Federal Reserve’s key inflation metric goes bearish on US economy

In this post:

– March’s core PCE inflation rate remained steady at 2.8%, exceeding expectations.
– Total PCE, including food and energy, rose to 2.7%, slightly above forecast.
– Markets were largely unresponsive; Treasury yields dropped slightly.

Inflation’s grip didn’t loosen up in March. The Federal Reserve keeps a close eye on the personal consumption expenditures (PCE) price index. This month, it didn’t bring any relief. The Commerce Department spilled the beans on Friday, revealing that the core PCE (that’s the one without food and energy costs) was up 2.8% from last year. That’s the same as February’s figure and a tad higher than what folks expected.

Tack on food and energy, and you get the all-items PCE clocking in at 2.7%, just a notch above the forecasted 2.6%.

Market Shrugs Off the Persistent Inflation

The markets didn’t make much of a fuss about this. Wall Street looked set to kick off higher, even though the Treasury yields took a slight dip—the 10-year note dropped by about 0.4 percentage points, settling at 4.67%. It seems some folks are betting on the Fed to slice rates twice this year, with odds ticking up to 44%.

George Mateyo, the big brain at Key Wealth, wasn’t too shaken. He warned that while the inflation heat wasn’t as scorching as feared, no one should think it’s all chilled out and the Fed’s just gonna slash rates soon. He thinks the Fed will want to see the job market take a hit before they get bold with cuts.

Source: Bureau of Economic Analysis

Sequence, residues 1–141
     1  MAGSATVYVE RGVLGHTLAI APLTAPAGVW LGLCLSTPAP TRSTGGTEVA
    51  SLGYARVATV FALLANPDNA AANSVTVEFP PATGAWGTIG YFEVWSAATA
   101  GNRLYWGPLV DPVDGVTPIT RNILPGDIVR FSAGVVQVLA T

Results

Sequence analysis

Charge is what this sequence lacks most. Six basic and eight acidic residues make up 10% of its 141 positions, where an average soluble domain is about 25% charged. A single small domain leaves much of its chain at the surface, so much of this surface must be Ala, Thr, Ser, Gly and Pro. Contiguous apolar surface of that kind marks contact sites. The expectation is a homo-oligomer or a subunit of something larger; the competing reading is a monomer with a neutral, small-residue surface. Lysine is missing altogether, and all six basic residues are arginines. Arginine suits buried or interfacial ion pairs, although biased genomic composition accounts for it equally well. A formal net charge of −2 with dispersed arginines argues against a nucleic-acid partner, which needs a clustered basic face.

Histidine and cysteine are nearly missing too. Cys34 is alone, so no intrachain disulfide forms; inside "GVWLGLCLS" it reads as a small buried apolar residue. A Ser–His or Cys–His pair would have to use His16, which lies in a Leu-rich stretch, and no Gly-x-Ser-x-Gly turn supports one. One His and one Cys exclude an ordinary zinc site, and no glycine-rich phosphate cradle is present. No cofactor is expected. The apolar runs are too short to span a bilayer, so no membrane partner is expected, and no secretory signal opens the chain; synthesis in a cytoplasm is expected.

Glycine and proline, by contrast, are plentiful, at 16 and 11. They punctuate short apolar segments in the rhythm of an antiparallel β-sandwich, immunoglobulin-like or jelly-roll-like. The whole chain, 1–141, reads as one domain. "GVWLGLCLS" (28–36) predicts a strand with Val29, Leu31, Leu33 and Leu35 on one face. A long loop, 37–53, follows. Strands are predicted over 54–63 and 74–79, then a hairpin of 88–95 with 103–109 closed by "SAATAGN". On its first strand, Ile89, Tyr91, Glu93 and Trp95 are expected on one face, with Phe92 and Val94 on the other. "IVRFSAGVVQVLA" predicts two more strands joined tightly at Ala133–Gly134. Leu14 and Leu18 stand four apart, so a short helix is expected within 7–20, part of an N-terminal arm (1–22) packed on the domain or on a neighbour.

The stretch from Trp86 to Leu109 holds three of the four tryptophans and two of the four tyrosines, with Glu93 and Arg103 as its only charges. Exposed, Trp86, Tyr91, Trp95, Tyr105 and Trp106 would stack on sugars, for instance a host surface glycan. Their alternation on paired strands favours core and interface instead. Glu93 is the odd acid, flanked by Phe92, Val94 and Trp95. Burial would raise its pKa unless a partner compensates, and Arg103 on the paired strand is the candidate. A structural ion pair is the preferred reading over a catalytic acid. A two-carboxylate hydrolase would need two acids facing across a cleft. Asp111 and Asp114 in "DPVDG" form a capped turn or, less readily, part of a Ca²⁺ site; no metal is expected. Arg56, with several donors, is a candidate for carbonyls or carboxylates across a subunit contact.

Spending Steady Despite Price Hikes

Consumers aren’t slamming their wallets shut yet. They forked out 0.8% more on goods this month, a hair above what was guessed. Personal incomes also saw a 0.5% bump, which is pretty much what everyone figured would happen. But hey, it’s better than last month’s 0.3% increase.

However, the personal saving rate isn’t looking too hot. It fell to 3.2%, down from 3.6% last month and way lower than last year’s rate. It looks like folks are digging into their savings to keep up with their spending habits.

Yesterday’s downer from the Commerce Department showed that the PCE sped up to a 3.4% annual rate in the first quarter while the GDP only grew 1.6%, way below what Wall Street was hoping for. This kind of news probably means the Fed’s gonna keep interest rates steady at least through the summer unless something big changes.

Inflation has been a real pain for over two years now, hitting levels not seen in over four decades. The Fed’s got its eye glued on these numbers, figuring out their next move.

They’re shooting for 2% inflation, but it’s been hovering above that for three years now. The Fed prefers the PCE since it adjusts for how people switch up their spending and doesn’t weigh housing costs as heavily as other indexes.

This month, service prices were up by 0.4%, but goods barely budged, up just 0.1%. Looks like the big price hikes have shifted from goods to services since the pandemic started. Food prices dipped by 0.1%, but energy shot up 1.2%.

Over the past year, service prices have climbed 4%, goods prices are stagnant with just a 0.1% increase, food’s up 1.5%, and energy has risen 2.6%.

Overall, U.S. inflation ticked up to 2.7% for the year to March. Friday’s numbers were a bit of a surprise since they were higher than the expected rise from 2.5% to 2.6% in February. The core PCE stuck at 2.8%, despite predictions it might drop to 2.7%.

Yesterday’s report on first-quarter inflation and growth kicked the can down the road for rate cut hopes. Traders now see the first rate cut happening in November, right after the presidential election. This is a tough break for Biden, who’s trying to show he can wrestle down inflation.

Borrowing costs are at a 23-year peak, with the PCE index staying above the Fed’s 2% target since March 2021. Looks like it’s going to be a long haul with these inflation numbers.

Disclaimer: The information provided is not trading advice. Cryptopolitan.com holds no liability for any investments made based on the information provided on this page. We strongly recommend independent research and/or consultation with a qualified professional before making any investment decision.

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